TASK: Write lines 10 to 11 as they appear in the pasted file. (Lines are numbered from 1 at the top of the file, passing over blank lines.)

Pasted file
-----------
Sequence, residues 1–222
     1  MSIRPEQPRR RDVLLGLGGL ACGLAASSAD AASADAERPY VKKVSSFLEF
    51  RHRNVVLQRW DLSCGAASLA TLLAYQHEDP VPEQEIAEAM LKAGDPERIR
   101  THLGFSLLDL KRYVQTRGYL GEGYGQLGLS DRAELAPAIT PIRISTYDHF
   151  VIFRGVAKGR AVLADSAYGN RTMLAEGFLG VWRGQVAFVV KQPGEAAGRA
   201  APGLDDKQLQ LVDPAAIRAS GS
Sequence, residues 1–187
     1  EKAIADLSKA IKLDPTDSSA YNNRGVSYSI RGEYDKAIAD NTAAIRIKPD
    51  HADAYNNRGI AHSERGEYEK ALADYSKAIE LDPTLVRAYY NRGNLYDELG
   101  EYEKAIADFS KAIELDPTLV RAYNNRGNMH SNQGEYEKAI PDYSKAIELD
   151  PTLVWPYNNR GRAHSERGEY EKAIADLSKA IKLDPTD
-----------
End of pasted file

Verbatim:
   101  EYEKAIADFS KAIELDPTLV RAYNNRGNMH SNQGEYEKAI PDYSKAIELD
   151  PTLVWPYNNR GRAHSERGEY EKAIADLSKA IKLDPTD